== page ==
La Scena Musicale

Wednesday, 1 October 2014

OSM and Nagano: Homage to Richard Strauss

by Paul E. Robinson


Strauss: Death and Transfiguration Op. 24
Saint-Saëns: Piano Concerto No. 2 in g minor Op. 22
Strauss: Symphonia Domestica Op. 53

Benjamin Grosvenor, piano
Orchestra symphonique de Montréal/Kent Nagano

Tuesday, September 23, 2015
Maison symphonique
Montreal, Quebec

In a few weeks time the OSM will embark on its 10th tour of Japan, and its first-ever visit to China. At Maison symphonique the orchestra is currently polishing its tour repertoire. On the basis of what I heard there is still work to be done.

Richard Strauss (1864-1949)
Mixed Message Programming?
The program was titled “Homage to Richard Strauss”, presumably to commemorate the 150th anniversary of the composer’s birth, yet nowhere in the printed program was there any reference to this fact. Curiously, the concert was dedicated to the memory of Franz-Paul Decker, a former music director of the OSM, who passed away earlier this year. One of Decker’s specialties was the music of Richard Strauss. Perhaps the title of the concert should have been “Homage to Franz-Paul Decker”, or “Homage to Strauss and Decker” with appropriate essays in the printed program. No reference in the program either to the fact that the Strauss pieces will be featured at the forthcoming concerts in Beijing and Shanghai. My impression is that there isn’t much communication between the OSM administration and the folks who put together the printed program.

Then there is the matter of presenting a program titled “Homage to Richard Strauss” and slipping in a piano concerto by Saint-Saëns. That makes no sense at all. Even program annotator Robert Markow was hard-pressed to find any connection between the two composers. He settled for “the sheer longevity of their lives” – 85 for Strauss and 86 for Saint-Saëns. I note that the China programs will be all-Strauss with the Saint-Saëns tossed out and the Four Last Songs tossed in.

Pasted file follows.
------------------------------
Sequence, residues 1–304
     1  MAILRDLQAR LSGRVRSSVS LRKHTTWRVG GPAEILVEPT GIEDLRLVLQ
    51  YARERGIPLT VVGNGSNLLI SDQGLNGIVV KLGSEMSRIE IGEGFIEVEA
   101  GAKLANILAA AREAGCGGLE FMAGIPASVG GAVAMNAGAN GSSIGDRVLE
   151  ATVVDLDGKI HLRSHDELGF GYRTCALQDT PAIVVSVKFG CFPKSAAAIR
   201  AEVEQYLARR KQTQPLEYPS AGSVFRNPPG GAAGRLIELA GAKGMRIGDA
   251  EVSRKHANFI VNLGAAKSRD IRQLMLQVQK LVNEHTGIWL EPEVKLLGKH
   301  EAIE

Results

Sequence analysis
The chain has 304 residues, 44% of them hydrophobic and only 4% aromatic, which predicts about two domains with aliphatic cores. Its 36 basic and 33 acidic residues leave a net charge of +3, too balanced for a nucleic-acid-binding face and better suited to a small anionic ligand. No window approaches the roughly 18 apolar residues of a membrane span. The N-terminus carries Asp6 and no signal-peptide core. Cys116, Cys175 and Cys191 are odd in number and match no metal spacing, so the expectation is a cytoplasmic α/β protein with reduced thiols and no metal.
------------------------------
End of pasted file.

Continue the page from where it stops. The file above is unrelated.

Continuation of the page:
Strauss' Domestic Symphony Rarely Performed
I tip my hat to Kent Nagano and the OSM for presenting the first live performance of the Symphonia Domestica I have heard in more than 60 years of concert going. It is a piece I got to know well long ago through recordings conducted by Fritz Reiner and George Szell. Conceptually it is a monstrosity. Can we really take seriously a piece that celebrates the minutiae of family life using an orchestra of 120 players, lasting 45 minutes and  frequently rising to climaxes of post-Wagnerian sweep and grandeur? No, of course not. It is ridiculous. On the other hand, the Symphonia Domestica contains some of the composer’s most beautiful melodies and stunning orchestral fireworks. So we take it for what it does well and forget the programmatic nonsense.

Nagano and the OSM musicians got a lot out of this Strauss rarity with outstanding playing from nearly every section. The fine bass section met every challenge with accuracy and beautiful tone. I was sitting in the left Loge section near the stage and so had a rather distorted sound picture. The horns, for example, even though they numbered eight, could scarcely be heard. On the other hand, the trombones pointed right at me, seemed prominent throughout the piece.

While most of the parts of the Symphonia Domestica seemed well-prepared, however, I had the sense that the orchestra needed to play the piece a few more times before they really got comfortable with it. The final fugue, for example, can be tremendously exciting but only when the conductor and the players have the confidence to really let go. It needs to go faster, without noticeable stops and starts, to make its full effect.

More Work to be Done!
I had a similar reaction to the performance of Strauss’ much earlier and mercifully much shorter tone poem, Death and Transfiguration. Lots of lovely moments but not yet a fully-realized performance. The final massive climax and the build-up which precedes it are among Strauss’ most inspired conceptions. In Nagano’s hands the climax didn’t come close to being the apocalyptic moment the composer must have had in mind. 

Death and Transfiguration is not the rarity that the Symphonia Domestica is and many listeners will have heard glorious performances on recordings and in the concert hall. My most recent experience came in a live performance by Muti and the Vienna Philharmonic - a gripping experience, and the kind of competition Nagano and the OSM are up against when they travel the world. More work to be done.